When Chicago actor William L. Petersen went to Hollywood in 1984 to make his first movie, he met a young man on the set who said that he, too, was a Chicago actor. Petersen asked the stranger where he had worked, and the answer was that, though the man had never really acted in Chicago, he had lived there and he wanted to be an actor. Petersen, who had proven himself as both actor and star in years of work on the stages of off-Loop theaters, was outraged. “Listen,” he yelled, “you can’t just say you’re a Chicago actor. It’s not that easy. If you really want to be a Chicago actor, go back there and learn to act in the theater. You have to be a part of that community. You have to earn the right to call yourself a Chicago actor. It’s something to be proud of!”
Richard Christiansen, chief critic for the Chicago Tribune, when he retired, listed his top ten theater experiences after 40 years of watching Chicago theater. Billy’s performance in Belly of the Beast was included:
The work of William L. Petersen in “In the Belly of the Beast: Letters from Prison” is such an extraordinary achievement, and of such heroic stature, that it crosses the usual boundaries of “acting” into an area of experience I found staggering.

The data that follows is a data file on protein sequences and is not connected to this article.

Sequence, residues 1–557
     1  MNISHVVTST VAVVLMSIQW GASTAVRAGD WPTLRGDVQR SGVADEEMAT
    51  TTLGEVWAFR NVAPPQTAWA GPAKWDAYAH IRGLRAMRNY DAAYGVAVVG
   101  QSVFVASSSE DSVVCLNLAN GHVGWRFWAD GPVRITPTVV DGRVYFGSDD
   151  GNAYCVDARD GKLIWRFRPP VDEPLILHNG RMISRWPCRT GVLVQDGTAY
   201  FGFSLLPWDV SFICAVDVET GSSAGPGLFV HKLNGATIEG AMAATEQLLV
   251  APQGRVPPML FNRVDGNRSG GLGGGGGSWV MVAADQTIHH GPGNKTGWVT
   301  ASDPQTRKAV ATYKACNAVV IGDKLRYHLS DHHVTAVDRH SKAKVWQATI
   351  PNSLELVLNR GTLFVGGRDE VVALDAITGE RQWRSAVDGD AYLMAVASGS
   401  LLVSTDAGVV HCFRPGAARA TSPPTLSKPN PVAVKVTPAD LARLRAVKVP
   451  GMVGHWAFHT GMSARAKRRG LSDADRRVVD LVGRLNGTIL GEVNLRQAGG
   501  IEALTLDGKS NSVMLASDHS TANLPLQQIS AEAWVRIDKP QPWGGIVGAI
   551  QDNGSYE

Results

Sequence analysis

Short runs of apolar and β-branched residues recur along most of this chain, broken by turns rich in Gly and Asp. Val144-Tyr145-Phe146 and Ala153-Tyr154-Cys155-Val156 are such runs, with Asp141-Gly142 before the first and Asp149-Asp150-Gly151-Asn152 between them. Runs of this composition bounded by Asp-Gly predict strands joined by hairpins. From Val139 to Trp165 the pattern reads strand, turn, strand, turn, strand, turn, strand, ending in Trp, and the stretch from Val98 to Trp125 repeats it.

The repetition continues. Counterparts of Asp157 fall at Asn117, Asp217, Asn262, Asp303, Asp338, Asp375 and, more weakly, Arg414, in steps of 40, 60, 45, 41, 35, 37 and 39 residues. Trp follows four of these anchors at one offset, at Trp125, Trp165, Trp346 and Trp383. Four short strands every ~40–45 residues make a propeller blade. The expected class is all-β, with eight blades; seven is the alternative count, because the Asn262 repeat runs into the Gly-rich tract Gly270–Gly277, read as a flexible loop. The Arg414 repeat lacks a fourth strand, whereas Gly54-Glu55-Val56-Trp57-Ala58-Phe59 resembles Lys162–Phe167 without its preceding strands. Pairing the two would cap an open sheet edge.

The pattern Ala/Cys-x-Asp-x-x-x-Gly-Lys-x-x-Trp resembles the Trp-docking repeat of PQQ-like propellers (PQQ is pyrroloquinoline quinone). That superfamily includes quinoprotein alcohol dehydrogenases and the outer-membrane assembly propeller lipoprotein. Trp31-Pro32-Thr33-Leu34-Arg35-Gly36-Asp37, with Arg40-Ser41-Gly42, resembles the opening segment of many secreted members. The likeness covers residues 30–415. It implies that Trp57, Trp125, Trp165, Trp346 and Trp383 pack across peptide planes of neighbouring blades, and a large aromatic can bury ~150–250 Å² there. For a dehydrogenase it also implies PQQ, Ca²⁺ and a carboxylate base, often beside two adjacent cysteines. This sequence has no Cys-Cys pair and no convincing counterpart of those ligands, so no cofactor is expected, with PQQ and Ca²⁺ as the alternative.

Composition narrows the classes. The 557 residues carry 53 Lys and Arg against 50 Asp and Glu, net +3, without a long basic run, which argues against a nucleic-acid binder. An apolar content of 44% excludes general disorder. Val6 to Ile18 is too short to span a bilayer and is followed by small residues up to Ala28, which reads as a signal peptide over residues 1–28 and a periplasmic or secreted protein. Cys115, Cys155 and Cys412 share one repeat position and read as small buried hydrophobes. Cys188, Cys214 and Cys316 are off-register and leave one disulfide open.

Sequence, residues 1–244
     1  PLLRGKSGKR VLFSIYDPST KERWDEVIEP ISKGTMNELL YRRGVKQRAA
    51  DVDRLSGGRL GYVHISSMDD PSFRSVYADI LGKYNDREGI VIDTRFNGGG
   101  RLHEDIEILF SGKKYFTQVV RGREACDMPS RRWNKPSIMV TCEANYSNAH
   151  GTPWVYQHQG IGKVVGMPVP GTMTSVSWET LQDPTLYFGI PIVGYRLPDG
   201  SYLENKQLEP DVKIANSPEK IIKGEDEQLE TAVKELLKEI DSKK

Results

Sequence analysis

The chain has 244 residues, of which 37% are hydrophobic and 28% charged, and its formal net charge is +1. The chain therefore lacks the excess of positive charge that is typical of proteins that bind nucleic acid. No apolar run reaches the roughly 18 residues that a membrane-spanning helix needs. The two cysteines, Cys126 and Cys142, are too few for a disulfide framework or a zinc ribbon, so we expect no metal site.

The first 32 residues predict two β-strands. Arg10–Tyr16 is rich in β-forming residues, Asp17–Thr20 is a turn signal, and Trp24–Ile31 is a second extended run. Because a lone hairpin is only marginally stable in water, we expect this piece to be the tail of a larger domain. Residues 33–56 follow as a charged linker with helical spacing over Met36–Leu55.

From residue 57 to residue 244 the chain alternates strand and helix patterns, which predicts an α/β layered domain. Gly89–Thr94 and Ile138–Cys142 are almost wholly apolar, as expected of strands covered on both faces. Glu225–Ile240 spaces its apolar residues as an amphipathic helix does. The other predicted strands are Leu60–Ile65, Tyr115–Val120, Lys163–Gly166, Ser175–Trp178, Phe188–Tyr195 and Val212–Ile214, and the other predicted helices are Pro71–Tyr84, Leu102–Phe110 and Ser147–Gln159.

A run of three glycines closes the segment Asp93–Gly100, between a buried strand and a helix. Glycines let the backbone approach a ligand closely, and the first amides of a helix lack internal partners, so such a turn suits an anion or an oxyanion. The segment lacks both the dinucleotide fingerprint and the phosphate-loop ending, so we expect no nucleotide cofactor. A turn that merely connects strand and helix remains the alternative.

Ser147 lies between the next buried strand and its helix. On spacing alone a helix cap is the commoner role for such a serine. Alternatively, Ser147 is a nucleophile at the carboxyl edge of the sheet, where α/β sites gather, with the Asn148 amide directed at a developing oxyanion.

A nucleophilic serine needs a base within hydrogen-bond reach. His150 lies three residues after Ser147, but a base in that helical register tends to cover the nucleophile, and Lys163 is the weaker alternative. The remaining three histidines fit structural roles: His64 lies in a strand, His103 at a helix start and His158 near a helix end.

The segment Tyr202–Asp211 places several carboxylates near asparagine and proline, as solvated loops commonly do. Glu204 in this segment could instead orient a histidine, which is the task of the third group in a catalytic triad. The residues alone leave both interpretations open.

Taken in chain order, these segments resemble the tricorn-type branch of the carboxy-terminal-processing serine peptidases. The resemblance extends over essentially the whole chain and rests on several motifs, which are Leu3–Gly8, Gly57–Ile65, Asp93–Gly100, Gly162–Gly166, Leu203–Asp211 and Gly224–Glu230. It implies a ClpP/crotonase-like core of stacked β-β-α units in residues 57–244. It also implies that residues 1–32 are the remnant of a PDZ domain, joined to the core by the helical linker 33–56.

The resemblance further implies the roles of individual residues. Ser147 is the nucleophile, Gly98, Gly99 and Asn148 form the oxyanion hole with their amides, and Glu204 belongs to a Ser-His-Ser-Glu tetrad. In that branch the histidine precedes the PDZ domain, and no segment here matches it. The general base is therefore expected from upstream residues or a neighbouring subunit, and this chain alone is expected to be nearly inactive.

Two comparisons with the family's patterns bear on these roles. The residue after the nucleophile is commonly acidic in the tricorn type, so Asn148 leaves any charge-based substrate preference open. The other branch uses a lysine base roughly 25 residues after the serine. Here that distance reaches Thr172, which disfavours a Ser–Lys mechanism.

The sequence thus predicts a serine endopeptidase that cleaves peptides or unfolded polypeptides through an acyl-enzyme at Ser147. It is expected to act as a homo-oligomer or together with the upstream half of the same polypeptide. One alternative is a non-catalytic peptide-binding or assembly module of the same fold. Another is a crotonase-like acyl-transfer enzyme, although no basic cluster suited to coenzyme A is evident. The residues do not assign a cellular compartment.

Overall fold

As Jack Henry Abbott, the subject of the book and murder trial upon which “Beast” is based, Petersen is called upon to portray a paranoid killer who is also a maimed victim and a gifted artist.
This he does, from the moment he steps on stage at Wisdom Bridge Theater, barefoot and clad in prison issue, and fixes the audience with a ferocious stare of anger and conviction. He gives us Abbott’s Southern accent, his stutter, his physical appearance in letter-perfect detail. These qualities are admirable in acting, and can be accounted for, but how do I account for the fact that minutes after leaving the theater Thursday night, I had to pull my car over to the side of the street so that I could clear the tears from my eyes?
“As far as I’m concerned, all entertainment is about the writing. It’s really important to me to care about the character. I think the only times that I’ve done a bad job as an actor is when I didn’t really love the character and I didn’t find myself feeling the things he felt. And that’s all about the writing.” – William Petersen.
Please visit the following pages to learn more about Billy’s eclectic and very unique career.